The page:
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Hustler military access case thrown out

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Hustler military access case thrown out

  • Judge rules that the case lacks jurisdiction because the Pentagon never issued a formal denial for a Hustler reporter to accompany troops in Afghanistan.

Feb. 27, 2003 — A lawsuit brought against the Defense Department by Hustler publisher Larry Flynt claiming that a reporter for the magazine was illegally denied access to U.S. troops in Afghanistan was thrown out of federal district court in Washington, D.C. on Feb. 19.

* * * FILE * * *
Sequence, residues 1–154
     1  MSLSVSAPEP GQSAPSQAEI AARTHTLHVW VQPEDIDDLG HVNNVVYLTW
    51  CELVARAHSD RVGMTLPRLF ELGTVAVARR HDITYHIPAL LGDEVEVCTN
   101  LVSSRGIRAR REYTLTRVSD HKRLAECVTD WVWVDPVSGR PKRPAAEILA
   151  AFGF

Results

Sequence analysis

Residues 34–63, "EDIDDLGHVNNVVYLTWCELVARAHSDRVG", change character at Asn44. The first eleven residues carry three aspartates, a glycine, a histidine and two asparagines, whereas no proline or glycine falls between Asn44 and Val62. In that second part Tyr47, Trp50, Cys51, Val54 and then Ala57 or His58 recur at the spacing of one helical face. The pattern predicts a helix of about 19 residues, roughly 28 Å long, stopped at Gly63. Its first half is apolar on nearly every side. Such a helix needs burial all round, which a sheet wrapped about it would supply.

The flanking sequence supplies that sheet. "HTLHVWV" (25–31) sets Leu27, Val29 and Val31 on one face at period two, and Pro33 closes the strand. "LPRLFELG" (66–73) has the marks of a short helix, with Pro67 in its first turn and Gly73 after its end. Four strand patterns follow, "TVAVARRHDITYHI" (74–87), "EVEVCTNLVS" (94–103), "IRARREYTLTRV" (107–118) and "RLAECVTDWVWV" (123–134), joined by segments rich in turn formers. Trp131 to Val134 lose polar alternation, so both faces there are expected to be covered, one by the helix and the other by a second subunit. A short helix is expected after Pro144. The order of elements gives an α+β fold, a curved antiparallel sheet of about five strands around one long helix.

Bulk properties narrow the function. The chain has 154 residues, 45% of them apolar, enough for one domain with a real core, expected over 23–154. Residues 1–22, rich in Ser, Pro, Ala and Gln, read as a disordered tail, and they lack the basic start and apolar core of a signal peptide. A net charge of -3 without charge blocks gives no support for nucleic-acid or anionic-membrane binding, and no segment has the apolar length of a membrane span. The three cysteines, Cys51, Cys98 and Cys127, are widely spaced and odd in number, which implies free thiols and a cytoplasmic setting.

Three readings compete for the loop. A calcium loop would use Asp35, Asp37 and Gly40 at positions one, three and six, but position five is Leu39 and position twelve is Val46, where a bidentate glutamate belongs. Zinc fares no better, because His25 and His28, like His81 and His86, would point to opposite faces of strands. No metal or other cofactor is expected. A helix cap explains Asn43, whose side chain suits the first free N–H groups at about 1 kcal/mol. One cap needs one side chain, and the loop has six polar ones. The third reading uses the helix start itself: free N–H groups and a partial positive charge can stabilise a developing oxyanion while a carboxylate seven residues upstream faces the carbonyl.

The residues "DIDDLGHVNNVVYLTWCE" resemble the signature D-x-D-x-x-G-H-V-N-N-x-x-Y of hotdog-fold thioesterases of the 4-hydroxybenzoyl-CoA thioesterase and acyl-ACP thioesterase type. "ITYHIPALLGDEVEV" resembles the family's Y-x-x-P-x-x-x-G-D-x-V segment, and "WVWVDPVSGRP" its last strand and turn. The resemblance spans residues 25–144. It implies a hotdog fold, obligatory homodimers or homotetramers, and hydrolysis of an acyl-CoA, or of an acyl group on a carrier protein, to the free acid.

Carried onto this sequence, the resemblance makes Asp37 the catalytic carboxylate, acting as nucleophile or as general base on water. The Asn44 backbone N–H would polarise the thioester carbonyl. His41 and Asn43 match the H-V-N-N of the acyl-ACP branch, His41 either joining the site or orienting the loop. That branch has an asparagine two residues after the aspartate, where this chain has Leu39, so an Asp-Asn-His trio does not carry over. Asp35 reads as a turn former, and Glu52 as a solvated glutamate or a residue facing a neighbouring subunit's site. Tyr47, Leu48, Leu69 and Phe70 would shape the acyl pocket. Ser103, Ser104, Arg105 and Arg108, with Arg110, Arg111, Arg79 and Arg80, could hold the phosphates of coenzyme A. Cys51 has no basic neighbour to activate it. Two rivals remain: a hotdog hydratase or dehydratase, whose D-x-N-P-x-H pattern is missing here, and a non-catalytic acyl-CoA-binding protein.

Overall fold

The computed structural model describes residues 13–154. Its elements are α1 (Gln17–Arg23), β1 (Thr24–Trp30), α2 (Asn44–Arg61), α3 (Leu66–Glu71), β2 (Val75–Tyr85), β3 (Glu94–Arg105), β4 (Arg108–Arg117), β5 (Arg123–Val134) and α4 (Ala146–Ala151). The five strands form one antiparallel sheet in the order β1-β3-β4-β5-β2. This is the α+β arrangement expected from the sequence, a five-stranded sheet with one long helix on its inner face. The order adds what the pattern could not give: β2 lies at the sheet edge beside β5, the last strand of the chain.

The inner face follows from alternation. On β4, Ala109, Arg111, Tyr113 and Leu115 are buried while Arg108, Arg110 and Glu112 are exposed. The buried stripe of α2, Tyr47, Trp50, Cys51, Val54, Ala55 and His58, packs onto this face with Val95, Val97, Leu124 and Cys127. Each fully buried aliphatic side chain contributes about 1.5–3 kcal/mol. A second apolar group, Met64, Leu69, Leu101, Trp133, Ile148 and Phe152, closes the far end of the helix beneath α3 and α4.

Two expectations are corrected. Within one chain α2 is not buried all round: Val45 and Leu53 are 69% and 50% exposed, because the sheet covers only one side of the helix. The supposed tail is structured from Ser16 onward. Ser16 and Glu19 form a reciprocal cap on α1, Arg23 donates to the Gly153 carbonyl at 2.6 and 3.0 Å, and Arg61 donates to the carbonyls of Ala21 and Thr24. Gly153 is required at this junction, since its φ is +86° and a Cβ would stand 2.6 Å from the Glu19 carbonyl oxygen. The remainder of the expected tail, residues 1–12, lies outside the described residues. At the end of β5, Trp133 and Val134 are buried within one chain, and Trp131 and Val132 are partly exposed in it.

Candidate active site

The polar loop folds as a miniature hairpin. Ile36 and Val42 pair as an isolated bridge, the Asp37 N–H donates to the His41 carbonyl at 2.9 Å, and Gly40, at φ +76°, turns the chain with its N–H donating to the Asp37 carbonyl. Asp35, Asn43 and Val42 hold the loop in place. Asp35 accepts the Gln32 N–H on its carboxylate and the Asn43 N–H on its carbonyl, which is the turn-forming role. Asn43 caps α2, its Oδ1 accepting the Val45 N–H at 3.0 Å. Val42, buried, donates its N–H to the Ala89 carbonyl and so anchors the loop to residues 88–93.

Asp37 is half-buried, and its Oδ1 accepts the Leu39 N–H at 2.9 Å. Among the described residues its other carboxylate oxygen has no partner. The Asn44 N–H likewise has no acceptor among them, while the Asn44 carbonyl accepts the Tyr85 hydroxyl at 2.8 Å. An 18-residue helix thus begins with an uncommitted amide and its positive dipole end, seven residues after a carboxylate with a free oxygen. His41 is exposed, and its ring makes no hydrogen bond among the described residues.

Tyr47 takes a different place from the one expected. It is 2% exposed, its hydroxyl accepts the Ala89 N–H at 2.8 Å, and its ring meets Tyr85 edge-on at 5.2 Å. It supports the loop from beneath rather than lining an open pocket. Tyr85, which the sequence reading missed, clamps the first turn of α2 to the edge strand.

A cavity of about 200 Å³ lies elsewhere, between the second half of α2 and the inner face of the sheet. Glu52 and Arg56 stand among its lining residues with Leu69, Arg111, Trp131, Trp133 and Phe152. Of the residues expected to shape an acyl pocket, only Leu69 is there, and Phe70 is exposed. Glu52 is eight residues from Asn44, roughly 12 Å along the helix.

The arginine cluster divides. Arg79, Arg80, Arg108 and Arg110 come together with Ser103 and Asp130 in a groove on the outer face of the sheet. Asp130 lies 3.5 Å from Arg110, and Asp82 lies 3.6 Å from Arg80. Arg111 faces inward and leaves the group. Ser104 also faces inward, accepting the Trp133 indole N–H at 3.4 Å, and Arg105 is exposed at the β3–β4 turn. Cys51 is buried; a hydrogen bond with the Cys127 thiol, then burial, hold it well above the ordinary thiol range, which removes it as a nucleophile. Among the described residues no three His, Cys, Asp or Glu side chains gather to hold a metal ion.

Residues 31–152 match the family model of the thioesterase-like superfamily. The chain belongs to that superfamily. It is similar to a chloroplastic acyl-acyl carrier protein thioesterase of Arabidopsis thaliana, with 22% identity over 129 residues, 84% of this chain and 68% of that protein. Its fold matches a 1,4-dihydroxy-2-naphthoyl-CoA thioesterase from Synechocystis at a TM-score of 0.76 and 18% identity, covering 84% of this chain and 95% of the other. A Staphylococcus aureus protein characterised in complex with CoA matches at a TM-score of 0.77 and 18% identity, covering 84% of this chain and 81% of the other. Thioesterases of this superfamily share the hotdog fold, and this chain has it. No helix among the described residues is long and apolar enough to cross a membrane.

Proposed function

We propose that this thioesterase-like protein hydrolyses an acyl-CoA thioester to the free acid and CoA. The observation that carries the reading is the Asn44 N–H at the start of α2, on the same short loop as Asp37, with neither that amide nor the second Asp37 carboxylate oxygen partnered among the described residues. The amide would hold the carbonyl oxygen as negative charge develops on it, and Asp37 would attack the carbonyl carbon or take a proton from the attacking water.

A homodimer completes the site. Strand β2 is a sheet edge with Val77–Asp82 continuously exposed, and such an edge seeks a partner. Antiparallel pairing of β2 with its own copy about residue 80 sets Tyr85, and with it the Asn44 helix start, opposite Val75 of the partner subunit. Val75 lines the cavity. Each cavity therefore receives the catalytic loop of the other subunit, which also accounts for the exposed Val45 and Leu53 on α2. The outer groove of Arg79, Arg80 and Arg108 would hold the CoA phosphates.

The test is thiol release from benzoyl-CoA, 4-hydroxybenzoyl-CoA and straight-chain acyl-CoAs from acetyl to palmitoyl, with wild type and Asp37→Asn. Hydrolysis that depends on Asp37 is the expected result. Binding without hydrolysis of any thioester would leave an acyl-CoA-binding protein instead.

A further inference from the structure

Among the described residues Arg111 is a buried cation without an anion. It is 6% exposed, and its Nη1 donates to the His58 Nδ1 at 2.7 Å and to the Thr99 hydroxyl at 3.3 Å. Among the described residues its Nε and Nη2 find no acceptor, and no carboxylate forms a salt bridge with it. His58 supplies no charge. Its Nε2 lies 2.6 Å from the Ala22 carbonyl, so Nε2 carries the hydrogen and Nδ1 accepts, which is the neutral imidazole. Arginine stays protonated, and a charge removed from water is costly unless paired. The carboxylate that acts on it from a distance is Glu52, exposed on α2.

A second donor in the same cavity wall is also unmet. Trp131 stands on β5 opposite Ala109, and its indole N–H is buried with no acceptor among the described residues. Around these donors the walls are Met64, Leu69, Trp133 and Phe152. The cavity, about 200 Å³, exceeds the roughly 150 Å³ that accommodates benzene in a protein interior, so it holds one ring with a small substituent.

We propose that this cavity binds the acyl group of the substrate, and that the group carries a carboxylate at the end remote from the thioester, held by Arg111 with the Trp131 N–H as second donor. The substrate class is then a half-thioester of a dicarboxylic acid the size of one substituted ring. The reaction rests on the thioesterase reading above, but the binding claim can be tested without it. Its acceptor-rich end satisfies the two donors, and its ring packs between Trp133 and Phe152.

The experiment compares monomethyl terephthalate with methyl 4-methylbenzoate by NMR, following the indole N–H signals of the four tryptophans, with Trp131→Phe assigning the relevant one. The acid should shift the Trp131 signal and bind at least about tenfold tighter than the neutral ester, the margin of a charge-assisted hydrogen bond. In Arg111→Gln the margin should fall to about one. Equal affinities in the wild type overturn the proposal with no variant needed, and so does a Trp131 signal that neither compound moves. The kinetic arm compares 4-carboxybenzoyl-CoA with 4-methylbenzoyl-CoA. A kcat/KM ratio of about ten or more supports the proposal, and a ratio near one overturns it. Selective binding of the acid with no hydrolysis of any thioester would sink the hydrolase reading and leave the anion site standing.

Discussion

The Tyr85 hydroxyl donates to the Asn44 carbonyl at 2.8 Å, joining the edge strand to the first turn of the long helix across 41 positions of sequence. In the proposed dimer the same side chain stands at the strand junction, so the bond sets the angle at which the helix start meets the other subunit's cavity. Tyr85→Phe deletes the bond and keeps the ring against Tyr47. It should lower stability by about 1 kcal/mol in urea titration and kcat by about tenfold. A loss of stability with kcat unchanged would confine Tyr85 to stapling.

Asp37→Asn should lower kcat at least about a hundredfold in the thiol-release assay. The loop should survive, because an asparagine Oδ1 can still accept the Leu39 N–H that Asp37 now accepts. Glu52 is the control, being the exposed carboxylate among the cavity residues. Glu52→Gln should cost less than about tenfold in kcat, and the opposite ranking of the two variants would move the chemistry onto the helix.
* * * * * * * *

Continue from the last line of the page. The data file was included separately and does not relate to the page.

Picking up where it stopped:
Judge Paul Friedman ruled that because no formal denial was ever issued by the Pentagon, he lacked jurisdiction to rule on the issue of a journalist’s constitutional right to accompany U.S. military involved in wartime maneuvers.

Flynt told the Associated Press that he plans to appeal the decision in order to get a final ruling on the matter.

Flynt brought the lawsuit in November 2001 after a Hustler reporter was not allowed to accompany special operations troops in Afghanistan.

The Pentagon currently promises that should war commence in Iraq, reporters will be embedded with troops at all levels of action. However that decision came about internally, not because a court ruled that such access is a protected constitutional right.

(Flynt v. Rumsfeld; Media counsel: Paul J. Cambria Jr., Lipsitz, Green, Fahringer, Roll, Salisbury & Cambria LLP, Buffalo, N.Y.) KD

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